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Title: Biological nitrogen fixation in non-leguminous field crops: Facilitating the evolution of an effective association between 'Azospirillum' and wheat
Contributor(s): Kennedy, Ivan R (author); Pereg, Lily (author); Wood, Craig (author); Deaker, Rosalind (author); Gilchrist, Kate (author); Katupitiya, Sunietha (author)
Publication Date: 1997
DOI: 10.1023/A:1004260222528
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Abstract: Recent advances towards achieving significant nitrogen fixation by diazotrophs in symbioses with cereals are reviewed, referring to the literature on the evolution of effective symbioses involving rhizobia and 'Frankia' as microsymbionts. Data indicating that strains of 'Acetobacter' and 'Herbaspirillum' colonizing specific cultivars of sugarcane as endophytes make a significant contribution to the nitrogen economy of this crop improves the prospects that similar associative systems may be developed for other gramineous species such as rice and wheat. By contrast, the transfer of nodulation genes similar to those in legumes or 'Parasponia' to achieve nodulation in crops like rice and wheat is considered to be a more ambitious and distant goal. Progress in developing an effective associative system for cereals has been materially assisted by the development of genetic tools based on the application of 'lacZ' and 'gusA' fusions with the promoters of genes associated with nitrogen fixation. These reporter genes have provided clear evidence that 'crack-entry' at the points of emergence of lateral roots or of 2,4-D induced 'para'-nodules is the most significant route of endophytic colonization. Furthermore, using the laboratory model of 'para'-nodulated wheat, there is now evidence that the ability of azospirilla and other nitrogen fixing bacteria to colonize extensively as endophytes can be genetically controlled. The most successful strain of 'Azospirillum brasilense' (Sp7-S) for endophytic colonization and nitrogen fixation in wheat seedlings is a mutant with reduced exopolysaccharide production. Most other strains of azospirilla do not colonize as endophytes and it is concluded that though these are poorly adapted to providing nitrogen for the host plant, they are well adapted for survival and persistence in soil. A research program combining the study of endophytic colonization by azospirilla with an examination of the factors controlling the effectiveness of association (oxygen tolerance and nitrogen transfer) is now being pursued. It is proposed that a process of facilitated evolution of 'para'-nodulated wheat involving the stepwise genetic improvement of both the prospective microsymbionts and the cereal host will eventually lead to effective nitrogen-fixing associations. In the attempt to achieve this goal, continued study of the endophytes occurring naturally in sugar cane and other grasses (e.g. 'Azoarcus' sp.) should be of assistance.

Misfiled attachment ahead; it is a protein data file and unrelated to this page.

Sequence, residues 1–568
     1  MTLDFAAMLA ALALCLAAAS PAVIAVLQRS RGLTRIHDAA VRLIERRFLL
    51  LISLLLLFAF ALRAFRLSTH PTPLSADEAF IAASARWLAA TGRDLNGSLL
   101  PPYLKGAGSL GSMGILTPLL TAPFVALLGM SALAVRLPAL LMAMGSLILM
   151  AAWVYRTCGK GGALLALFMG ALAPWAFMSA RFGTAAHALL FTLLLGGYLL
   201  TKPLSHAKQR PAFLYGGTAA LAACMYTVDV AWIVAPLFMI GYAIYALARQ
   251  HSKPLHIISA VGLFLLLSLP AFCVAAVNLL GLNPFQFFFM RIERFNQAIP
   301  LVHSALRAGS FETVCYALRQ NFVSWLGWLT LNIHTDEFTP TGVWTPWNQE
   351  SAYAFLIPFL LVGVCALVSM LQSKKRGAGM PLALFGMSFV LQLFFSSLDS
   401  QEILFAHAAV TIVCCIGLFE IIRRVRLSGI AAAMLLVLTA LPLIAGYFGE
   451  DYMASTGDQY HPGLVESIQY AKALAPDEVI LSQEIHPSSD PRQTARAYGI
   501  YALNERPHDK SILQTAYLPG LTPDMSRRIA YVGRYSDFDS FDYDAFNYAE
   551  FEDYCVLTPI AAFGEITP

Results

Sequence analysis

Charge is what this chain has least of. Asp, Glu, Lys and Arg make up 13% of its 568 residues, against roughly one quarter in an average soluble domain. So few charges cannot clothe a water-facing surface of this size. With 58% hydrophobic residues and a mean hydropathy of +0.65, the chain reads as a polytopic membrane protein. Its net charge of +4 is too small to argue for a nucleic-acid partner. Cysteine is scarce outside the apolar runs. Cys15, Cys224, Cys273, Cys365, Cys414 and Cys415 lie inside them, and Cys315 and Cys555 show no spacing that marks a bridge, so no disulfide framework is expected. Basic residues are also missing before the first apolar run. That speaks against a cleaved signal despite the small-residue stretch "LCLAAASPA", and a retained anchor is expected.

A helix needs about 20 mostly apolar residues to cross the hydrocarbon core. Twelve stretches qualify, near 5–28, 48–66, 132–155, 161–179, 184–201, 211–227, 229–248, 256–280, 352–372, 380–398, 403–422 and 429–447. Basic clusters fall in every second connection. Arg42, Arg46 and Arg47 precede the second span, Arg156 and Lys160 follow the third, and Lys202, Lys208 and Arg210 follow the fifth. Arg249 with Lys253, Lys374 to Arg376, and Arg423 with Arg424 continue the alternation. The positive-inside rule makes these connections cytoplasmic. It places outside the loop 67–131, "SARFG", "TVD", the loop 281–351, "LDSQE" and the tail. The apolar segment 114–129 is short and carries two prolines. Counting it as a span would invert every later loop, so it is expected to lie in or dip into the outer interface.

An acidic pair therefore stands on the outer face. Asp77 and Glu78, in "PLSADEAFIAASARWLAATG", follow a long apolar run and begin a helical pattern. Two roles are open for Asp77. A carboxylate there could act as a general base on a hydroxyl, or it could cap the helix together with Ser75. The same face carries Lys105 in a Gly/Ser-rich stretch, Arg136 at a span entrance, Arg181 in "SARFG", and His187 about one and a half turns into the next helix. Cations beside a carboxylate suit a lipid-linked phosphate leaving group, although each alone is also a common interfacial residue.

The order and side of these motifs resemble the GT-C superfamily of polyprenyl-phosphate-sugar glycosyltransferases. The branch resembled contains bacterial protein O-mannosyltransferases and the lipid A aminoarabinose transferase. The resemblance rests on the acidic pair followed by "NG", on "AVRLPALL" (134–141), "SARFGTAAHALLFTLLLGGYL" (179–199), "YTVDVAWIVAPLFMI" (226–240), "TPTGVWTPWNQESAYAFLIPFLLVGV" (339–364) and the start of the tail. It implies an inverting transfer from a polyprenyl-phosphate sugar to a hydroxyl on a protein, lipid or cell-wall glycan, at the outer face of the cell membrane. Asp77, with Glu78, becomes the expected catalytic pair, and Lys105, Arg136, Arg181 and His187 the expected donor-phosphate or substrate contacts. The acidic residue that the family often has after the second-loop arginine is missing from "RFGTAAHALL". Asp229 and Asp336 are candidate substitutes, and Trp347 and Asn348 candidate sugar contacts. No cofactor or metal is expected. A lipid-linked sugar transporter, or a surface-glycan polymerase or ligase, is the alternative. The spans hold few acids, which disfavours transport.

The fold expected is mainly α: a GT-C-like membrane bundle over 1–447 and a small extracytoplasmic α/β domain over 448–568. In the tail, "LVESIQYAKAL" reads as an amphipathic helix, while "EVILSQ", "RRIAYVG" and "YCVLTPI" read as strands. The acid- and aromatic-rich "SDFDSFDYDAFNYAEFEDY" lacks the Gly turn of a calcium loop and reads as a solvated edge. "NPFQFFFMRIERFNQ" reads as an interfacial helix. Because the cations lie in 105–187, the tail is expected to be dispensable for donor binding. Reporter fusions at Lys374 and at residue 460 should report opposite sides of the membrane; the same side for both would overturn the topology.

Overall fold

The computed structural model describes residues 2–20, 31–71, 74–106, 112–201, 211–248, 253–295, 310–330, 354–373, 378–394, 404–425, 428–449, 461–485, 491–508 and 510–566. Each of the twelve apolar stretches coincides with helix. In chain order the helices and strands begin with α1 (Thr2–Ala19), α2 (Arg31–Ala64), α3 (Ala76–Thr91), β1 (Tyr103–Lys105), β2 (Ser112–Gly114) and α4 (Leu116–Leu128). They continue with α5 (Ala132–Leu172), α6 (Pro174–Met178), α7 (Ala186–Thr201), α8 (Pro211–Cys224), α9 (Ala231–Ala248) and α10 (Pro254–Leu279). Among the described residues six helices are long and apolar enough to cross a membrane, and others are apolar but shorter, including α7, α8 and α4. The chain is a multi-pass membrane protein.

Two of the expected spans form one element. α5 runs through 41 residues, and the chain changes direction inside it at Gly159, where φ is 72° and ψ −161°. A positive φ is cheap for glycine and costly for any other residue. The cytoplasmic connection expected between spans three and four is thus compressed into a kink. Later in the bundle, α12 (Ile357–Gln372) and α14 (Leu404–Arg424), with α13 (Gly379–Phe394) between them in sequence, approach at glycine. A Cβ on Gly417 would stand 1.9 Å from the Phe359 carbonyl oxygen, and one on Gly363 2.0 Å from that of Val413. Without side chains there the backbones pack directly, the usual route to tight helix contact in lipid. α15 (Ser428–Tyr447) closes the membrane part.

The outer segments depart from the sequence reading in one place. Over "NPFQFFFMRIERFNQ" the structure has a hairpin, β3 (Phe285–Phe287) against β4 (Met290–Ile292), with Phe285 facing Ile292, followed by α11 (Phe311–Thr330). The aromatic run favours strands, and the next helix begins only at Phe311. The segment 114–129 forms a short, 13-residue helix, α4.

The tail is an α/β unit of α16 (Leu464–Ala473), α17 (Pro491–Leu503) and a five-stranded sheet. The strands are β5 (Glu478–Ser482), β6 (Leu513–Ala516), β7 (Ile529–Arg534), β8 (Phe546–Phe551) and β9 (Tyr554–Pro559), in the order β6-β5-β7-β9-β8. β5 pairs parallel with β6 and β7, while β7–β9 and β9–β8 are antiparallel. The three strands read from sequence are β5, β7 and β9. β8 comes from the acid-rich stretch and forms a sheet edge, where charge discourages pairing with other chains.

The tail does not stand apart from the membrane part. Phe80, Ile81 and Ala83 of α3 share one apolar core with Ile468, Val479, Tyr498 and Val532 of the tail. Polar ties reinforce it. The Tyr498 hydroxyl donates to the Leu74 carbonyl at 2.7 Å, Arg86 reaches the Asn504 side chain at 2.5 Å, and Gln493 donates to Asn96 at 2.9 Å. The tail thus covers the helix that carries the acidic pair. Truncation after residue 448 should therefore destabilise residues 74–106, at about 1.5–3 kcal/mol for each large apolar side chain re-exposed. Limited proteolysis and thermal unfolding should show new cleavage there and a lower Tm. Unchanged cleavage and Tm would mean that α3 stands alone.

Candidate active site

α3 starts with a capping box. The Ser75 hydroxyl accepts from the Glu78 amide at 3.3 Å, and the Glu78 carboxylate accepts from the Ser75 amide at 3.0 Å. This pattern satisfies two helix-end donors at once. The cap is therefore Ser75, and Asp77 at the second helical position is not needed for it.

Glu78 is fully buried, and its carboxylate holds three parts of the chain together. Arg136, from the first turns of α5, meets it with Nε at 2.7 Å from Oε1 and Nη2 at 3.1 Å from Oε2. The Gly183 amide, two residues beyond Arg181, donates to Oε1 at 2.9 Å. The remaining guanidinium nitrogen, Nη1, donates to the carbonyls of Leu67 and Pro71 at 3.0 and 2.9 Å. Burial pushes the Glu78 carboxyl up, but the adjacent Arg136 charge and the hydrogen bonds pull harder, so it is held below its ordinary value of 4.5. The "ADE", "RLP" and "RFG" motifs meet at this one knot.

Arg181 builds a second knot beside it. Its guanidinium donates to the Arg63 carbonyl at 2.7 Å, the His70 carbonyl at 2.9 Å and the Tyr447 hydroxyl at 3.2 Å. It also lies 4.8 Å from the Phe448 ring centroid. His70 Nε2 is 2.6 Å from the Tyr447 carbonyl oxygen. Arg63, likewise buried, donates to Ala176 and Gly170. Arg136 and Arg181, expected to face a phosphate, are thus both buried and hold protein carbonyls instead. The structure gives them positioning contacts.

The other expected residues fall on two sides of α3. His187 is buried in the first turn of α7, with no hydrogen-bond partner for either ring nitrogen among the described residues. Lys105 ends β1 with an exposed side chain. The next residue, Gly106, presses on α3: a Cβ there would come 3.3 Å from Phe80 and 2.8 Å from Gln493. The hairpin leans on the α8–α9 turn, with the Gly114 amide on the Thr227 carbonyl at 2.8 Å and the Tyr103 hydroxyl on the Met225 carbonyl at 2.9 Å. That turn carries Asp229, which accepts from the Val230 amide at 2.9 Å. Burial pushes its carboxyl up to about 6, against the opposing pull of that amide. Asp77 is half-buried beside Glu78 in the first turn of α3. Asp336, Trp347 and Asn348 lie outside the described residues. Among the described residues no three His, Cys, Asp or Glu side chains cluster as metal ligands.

Publication Type: Journal Article
Source of Publication: Plant and Soil, 194(1-2), p. 65-79
Publisher: Springer Netherlands
Place of Publication: The Netherlands
ISSN: 1573-5036
Field of Research (FOR): 070306 Crop and Pasture Nutrition
050303 Soil Biology
060504 Microbial Ecology
Peer Reviewed: Yes
HERDC Category Description: C1 Refereed Article in a Scholarly Journal
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